Most college campuses aren’t known as a bastion for health and wellness.
Late night pizza runs and care packages with fattening snacks leave many students faced with the dreaded “Freshman 15.” And an overabundance of potlucks and campus vending machines has many employees wondering how they’ll ever fit into those “skinny” jeans.
Millikin University Fitness and Sport majors Courtney Feger, Samantha Blankenship and Brenna Ervin, and Dr. Tina Cloney, assistant professor of exercise science and sport, wanted to find a way to counteract the stereotypical college health culture and make Millikin a healthier place. Together, they created MU Health Beat, a 6-month program designed to educate the campus community on ways to integrate and embrace all aspects of wellness in their daily lives.
MU Health Beat began in October and has approximately 60 registered participants. The first step of the program required participants to have their body composition tested by the students, who determined how their measurements compared to recommendations for long-term health and wellness. From there, the students worked with participants to set individual goals for reducing body fat percentages. Participants attend weekly sessions (hosted by Cloney and her students) that offer tips for healthful eating and fitness, and access additional information on the website designed especially for the program.
“The program doesn’t just strive to help people lose pounds, but more importantly, fat mass – a big contributing factor to conditions like diabetes, cancer, and heart disease,” remarked Cloney. “In addition, the participants are learning to make healthier choices on a daily basis – not only to achieve weight goals, but for long-term wellness.”
“Most people live unhealthy lives not because they want to, but because they lack the info and education needed to make healthy choices,” said Blankenship, a junior from Mt. Zion. “This program is the perfect opportunity to get that education.”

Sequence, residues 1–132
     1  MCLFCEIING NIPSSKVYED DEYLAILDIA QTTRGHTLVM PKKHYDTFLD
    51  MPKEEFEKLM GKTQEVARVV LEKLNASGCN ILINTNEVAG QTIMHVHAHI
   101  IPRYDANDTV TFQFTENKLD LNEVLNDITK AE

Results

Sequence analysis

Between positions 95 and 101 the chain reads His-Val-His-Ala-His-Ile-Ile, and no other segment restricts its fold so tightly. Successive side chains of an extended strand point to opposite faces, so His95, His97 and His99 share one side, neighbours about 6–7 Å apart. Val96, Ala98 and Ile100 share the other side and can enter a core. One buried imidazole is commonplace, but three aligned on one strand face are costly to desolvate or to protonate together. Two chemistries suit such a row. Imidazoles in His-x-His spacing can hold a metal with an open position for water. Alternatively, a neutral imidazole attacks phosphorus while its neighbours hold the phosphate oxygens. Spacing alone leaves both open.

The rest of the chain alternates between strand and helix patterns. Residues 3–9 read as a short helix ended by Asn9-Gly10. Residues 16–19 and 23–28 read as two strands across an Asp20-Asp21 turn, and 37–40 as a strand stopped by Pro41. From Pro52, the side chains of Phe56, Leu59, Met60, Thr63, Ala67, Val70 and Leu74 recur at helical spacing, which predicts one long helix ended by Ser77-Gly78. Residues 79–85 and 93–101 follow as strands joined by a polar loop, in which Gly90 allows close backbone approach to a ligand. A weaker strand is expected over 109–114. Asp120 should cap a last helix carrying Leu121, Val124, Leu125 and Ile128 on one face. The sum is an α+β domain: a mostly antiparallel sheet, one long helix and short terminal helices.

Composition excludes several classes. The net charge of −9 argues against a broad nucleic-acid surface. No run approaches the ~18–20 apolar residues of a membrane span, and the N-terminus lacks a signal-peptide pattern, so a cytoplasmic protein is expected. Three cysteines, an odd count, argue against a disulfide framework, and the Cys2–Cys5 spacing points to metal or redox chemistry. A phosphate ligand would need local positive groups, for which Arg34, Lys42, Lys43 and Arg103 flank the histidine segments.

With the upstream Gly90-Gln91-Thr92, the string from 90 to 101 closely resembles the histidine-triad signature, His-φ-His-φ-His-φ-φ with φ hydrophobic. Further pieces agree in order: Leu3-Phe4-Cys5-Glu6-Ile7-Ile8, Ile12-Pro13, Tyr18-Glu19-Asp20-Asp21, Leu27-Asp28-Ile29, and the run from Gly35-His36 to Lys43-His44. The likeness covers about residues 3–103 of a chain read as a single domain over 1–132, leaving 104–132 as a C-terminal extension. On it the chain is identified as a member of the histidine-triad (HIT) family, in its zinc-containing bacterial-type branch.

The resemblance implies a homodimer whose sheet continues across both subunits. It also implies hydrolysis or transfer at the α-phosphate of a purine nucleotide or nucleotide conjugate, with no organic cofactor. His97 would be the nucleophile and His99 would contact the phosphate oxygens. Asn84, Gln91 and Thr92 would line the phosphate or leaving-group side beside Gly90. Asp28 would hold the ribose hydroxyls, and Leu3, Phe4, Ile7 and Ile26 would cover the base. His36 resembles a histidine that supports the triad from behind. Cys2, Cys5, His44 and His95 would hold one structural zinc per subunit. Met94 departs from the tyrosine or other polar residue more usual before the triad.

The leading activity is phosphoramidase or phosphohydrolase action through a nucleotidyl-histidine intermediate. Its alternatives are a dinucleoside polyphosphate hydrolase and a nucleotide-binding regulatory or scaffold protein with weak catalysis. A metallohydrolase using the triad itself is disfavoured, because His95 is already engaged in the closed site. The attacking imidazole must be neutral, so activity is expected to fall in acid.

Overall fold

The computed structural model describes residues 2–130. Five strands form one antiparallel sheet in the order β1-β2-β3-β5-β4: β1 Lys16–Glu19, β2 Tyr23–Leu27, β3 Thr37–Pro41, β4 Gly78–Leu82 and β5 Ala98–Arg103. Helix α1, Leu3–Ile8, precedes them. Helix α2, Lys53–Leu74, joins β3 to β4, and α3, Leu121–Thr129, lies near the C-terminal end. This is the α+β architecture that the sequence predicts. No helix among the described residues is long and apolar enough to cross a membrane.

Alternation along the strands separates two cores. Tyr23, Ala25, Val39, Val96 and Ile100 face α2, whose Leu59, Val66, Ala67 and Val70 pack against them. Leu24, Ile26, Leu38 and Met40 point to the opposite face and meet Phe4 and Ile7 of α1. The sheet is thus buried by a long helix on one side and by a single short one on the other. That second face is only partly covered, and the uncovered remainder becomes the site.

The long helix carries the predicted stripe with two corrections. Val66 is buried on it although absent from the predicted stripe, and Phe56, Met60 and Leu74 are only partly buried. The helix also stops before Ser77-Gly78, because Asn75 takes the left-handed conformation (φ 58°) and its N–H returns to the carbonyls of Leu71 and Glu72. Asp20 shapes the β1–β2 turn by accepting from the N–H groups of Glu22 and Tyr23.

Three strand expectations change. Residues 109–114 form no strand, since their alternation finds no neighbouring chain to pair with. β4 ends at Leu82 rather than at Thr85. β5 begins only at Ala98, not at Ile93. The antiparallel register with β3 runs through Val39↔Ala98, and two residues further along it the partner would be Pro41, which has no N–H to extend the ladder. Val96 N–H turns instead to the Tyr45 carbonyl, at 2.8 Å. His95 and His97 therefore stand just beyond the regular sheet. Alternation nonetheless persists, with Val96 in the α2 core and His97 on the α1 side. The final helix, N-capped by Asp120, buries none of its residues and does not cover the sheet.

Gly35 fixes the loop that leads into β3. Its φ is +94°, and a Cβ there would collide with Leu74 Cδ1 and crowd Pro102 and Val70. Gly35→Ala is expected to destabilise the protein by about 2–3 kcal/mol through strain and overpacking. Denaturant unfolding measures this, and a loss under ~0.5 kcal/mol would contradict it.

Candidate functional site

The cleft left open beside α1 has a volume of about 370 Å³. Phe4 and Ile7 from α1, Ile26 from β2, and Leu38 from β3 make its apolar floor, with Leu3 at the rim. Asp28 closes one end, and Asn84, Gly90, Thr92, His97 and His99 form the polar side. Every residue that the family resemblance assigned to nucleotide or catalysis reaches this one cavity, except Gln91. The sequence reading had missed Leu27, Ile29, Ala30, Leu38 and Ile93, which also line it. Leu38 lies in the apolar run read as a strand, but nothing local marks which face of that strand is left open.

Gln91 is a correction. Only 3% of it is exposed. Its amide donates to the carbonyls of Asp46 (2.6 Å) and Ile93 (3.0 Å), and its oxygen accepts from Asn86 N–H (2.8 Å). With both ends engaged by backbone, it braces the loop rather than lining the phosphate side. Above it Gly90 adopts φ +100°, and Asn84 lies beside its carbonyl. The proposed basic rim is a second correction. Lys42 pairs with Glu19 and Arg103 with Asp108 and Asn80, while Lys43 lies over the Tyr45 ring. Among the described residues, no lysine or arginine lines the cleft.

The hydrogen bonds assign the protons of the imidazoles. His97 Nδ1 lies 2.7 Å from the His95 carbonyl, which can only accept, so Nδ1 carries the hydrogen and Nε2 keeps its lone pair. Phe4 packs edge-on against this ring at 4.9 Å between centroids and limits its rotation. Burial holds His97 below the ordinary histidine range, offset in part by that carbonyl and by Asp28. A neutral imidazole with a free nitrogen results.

“MU Health Beat has been a good experience for me,” remarked Dr. Bobbi Gentry, assistant professor of political science and a program participant. “It has helped me focus on my nutrition and exercise habits, because it has made me more conscious of how these things impact my overall health. The website provides easy access to a variety of information about health and wellness, including videos of our weekly sessions. The program reminds me that health is an everyday experience, and that I need to set aside the time to think about what I am doing and eating.”
The program is also helping to prepare the Fitness and Sport majors for their future careers, said Cloney. “Brenna, Courtney and Samantha are all interested in nutrition and fitness, and plan to attend graduate school to pursue degrees in dietetics (nutrition practice). This has allowed them to engage in their field, and will hopefully set them apart from their peers when applying for graduate programs. In addition, they have been able to witness firsthand the impact they’re having on the very types of people they hope to help in the future. It’s been amazing to see how the program has fueled their passion for nutrition and made a difference in the lives of others.”
“When the idea for MU Health Beat came to my attention, I was very excited to participate,” remarked Ervin, a junior from Rantoul. “At the time, the program had no name and little foundation, which gave us the opportunity to make it what we wanted. It has been wonderful to work on this project and raise health awareness on our campus and in the community. The participants are excited about the program and often talk to me about it outside of our usual meeting times. It’s been a great practical learning opportunity.”
Although participants will not have their body measurements taken again until the conclusion of the program, most have been tracking on an individual basis, and seem pleased with their progress, said Cloney. “We’ve had a lot of positive feedback. We even had a practitioner from a doctor’s office ask if she could send her patients through the program,” she said.
Cloney commented that she is unaware of any other higher education institutions that have hosted a health and wellness program of this magnitude. She and her students are hopeful that other institutions will utilize the protocol that has been developed here to help them achieve their goals for health and wellness.
“MU Health Beat has become a resource for faculty and students to learn about nutrition and wellness and implement healthy changes into their everyday lifestyle. The support and commitment of the campus community has been amazing and I feel the program’s participants are on the right track to becoming healthier and making wellness a priority in their lives,” said Feger, a junior from Heyworth. “I hope the success of this program on Millikin’s campus is just the beginning, and we can help implement such a program on campuses across the country to spread the word on how important it is to live a healthy lifestyle.”